The eyes may be the window to the soul – and future hypertension, according to research reported in Hypertension: Journal of the American Heart Association.
The tiny vessels that supply blood to the retina appear to narrow before blood pressure exceeds normal ranges, said study co-author Paul Mitchell, M.D., Ph.D., professor of ophthalmology at the Center for Vision Research at the University of Sydney and Westmead Hospital, NSW, Australia. A long-term study suggests that people with relatively narrowed retinal arterioles (the tiny vessels of the retina) are twice as likely to develop severe hypertension in five years as people with relatively wider arterioles.
“These retinal signs appear to predict development of severe hypertension independent of other risk factors such as age, gender, body mass index, smoking, blood glucose levels, and blood pressure status at baseline,” Mitchell said. “This suggests that the risk associated with narrowed retinal arterioles adds to the risk associated with previous high blood pressure. For example, we already know that high normal blood pressure (pre-hypertension) or mild hypertension predicts later development of severe hypertension. At the same level of blood pressure, arteriolar narrowing signifies further risk.”
Mitchell and colleagues used special cameras to photograph the retinas of 3,654 Sydney residents who enrolled in the Blue Mountains Eye Study and to document retinal vessel wall structural changes. The participants, 82 percent of whom were 49 or older, were recruited to the study from 1992 to 1994.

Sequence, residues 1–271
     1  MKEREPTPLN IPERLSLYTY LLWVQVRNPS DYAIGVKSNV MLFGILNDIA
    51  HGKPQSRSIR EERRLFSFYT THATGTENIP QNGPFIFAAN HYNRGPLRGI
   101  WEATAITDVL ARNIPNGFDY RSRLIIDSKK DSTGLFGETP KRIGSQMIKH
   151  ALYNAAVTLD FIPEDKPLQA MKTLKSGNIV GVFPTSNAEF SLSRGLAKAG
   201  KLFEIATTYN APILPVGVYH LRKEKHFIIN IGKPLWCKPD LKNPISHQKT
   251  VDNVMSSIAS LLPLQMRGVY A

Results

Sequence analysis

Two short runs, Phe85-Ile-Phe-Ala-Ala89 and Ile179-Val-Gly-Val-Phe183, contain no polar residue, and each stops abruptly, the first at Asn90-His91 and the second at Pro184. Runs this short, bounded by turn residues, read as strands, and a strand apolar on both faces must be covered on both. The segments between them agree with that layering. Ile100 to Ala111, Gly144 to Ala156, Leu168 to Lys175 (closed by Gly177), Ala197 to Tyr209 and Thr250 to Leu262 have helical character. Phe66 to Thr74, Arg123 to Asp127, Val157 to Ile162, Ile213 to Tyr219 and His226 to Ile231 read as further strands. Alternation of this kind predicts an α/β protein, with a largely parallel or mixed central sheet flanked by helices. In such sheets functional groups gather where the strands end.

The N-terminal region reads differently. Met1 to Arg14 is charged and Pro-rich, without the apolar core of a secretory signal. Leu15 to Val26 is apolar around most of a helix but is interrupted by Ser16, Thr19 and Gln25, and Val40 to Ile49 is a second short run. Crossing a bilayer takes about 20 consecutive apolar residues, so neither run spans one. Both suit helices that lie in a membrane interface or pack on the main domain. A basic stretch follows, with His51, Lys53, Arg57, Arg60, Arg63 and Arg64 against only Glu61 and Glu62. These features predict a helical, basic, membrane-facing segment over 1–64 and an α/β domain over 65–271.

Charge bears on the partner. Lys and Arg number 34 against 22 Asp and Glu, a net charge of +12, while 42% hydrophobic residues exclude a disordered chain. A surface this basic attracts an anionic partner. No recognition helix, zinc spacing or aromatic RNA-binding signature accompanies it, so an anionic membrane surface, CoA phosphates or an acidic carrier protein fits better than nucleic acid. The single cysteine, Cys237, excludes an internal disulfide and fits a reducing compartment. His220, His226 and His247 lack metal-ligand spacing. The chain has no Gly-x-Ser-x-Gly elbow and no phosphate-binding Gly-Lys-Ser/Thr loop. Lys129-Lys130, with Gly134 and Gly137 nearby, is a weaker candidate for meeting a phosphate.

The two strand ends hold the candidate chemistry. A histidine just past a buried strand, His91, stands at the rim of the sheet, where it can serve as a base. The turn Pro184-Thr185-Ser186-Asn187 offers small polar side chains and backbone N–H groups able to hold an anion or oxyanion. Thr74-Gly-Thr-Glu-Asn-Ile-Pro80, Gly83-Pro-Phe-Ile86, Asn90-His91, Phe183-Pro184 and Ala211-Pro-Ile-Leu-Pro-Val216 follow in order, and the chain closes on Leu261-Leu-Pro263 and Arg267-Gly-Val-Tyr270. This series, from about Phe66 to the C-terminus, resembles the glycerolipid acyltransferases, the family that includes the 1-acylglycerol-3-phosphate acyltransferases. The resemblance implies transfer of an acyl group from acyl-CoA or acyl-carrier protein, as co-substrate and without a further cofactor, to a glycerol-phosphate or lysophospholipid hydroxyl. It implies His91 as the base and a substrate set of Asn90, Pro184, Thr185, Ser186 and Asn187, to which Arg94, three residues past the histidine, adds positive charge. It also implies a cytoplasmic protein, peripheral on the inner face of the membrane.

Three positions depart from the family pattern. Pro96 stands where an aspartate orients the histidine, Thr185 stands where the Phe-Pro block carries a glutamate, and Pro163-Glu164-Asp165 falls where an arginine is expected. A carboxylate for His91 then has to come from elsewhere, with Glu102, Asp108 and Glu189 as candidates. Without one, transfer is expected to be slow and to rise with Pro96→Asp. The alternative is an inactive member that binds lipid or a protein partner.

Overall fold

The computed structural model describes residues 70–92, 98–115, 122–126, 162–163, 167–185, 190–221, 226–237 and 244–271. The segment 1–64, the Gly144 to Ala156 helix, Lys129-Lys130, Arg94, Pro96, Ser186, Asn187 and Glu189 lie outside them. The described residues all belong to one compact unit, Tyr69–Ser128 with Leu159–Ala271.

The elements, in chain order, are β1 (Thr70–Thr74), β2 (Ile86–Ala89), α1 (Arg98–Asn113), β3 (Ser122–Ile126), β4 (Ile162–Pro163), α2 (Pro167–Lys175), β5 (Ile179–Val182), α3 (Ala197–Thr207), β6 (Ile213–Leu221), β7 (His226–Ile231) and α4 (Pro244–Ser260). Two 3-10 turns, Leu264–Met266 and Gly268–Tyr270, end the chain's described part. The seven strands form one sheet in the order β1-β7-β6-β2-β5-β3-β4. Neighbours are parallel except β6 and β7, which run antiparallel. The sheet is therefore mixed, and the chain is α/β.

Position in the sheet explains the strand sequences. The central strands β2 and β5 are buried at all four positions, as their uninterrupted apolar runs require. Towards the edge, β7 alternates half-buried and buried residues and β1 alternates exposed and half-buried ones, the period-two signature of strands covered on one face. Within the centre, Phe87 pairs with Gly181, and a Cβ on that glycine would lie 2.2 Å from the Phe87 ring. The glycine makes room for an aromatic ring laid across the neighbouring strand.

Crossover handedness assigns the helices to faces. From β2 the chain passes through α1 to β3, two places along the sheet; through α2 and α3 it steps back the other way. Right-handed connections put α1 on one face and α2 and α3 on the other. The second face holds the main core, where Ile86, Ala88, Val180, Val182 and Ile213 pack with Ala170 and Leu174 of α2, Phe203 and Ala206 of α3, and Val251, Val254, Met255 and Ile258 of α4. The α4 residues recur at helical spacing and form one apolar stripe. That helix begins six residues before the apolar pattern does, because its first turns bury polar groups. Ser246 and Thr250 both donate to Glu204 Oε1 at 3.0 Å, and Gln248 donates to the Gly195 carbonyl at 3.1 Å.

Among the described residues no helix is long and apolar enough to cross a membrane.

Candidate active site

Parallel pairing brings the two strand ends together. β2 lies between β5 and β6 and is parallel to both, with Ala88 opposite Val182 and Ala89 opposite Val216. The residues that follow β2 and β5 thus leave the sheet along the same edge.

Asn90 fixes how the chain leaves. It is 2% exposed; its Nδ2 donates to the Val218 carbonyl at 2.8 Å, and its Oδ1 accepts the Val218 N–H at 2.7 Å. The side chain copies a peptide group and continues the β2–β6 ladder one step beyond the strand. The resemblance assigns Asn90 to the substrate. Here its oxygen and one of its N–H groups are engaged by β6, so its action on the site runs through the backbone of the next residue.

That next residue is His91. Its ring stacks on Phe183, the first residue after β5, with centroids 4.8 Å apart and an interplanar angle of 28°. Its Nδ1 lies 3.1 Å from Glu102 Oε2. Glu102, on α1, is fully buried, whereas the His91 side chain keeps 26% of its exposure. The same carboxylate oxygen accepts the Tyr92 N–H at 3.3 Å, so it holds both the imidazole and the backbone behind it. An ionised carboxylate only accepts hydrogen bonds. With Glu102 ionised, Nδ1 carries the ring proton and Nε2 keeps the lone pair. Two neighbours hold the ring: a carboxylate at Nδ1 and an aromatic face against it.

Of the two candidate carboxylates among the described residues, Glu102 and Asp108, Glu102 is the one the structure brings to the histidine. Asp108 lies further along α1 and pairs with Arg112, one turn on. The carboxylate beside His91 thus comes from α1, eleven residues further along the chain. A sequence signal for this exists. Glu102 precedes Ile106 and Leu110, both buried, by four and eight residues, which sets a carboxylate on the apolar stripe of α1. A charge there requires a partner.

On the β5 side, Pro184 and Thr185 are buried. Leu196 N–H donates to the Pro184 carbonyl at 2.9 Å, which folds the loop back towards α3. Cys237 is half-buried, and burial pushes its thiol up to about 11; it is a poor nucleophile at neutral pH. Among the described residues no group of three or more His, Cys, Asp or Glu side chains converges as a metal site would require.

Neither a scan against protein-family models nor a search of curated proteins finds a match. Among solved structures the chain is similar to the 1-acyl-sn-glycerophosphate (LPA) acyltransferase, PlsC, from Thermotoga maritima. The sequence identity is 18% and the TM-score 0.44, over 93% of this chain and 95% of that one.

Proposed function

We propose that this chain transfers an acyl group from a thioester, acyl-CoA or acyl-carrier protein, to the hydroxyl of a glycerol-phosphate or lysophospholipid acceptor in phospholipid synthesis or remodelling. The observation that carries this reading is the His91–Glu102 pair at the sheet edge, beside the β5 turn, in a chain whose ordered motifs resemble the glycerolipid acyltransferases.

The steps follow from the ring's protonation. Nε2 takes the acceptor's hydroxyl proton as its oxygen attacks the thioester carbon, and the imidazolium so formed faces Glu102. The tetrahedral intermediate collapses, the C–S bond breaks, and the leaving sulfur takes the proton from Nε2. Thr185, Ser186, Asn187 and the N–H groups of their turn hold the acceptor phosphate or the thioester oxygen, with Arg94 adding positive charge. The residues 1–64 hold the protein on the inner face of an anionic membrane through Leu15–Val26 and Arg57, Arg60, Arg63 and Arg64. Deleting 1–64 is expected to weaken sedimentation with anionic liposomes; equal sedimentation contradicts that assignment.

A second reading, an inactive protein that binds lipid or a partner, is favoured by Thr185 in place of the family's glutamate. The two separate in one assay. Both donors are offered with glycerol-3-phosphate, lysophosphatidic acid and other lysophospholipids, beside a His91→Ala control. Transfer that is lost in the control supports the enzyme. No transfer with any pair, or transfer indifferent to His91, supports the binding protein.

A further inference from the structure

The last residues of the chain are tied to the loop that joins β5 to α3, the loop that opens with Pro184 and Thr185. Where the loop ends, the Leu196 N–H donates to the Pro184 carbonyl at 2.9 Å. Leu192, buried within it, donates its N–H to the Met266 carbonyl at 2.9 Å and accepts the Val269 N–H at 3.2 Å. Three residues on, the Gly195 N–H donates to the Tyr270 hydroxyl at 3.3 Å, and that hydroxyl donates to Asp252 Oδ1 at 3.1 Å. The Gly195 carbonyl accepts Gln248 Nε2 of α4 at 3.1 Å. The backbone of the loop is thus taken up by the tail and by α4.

Researchers also recorded the blood pressure of all participants and identified them as normal, high normal (systolic pressure 121–139 and/or diastolic pressure 81–89 mm Hg), mild hypertension (systolic 140–159 and/or diastolic 90–99 mm Hg) or severe hypertension (a previous diagnosis of hypertension and current use of antihypertensive medications, or systolic pressure 160 mm Hg or higher, or diastolic pressure 100 mm Hg or higher).
At baseline, 1,032 people had normal or high-normal blood pressure and 950 people had mild hypertension, said Mitchell. Researchers report that 1,319 of these 1,982 participants returned for follow-up examinations after five years. Among these, 390 (29.6 percent) had developed severe hypertension.
While the changes in retinal arterioles predicted hypertension regardless of age, “the association was even stronger in patients younger than age 65,” he said.
The study results confirm findings of another study, the Atherosclerosis Risk in Communities (ARIC) study. A study published earlier this year found that changes in the retina predicted new-onset hypertension within three years.
These findings suggest that structural microvascular changes, visible in the eye, may precede development of severe hypertension. Effective treatment for the earliest stages of hypertension might therefore need to target the microcirculation. These structural signs could also be a more stable measure of risk than functional measures, like blood pressure, which often vary over time.
The senior author is Wayne Smith, M.B., Ph.D., with co-authors Jie Jin Wang, M.Med., Ph.D.; Tien Yin Wong, M.B., Ph.D.; Elena Rochtchina, M.Stat.; Ronald Klein, M.D., M.P.H. and Stephen R. Leeder, M.B., Ph.D.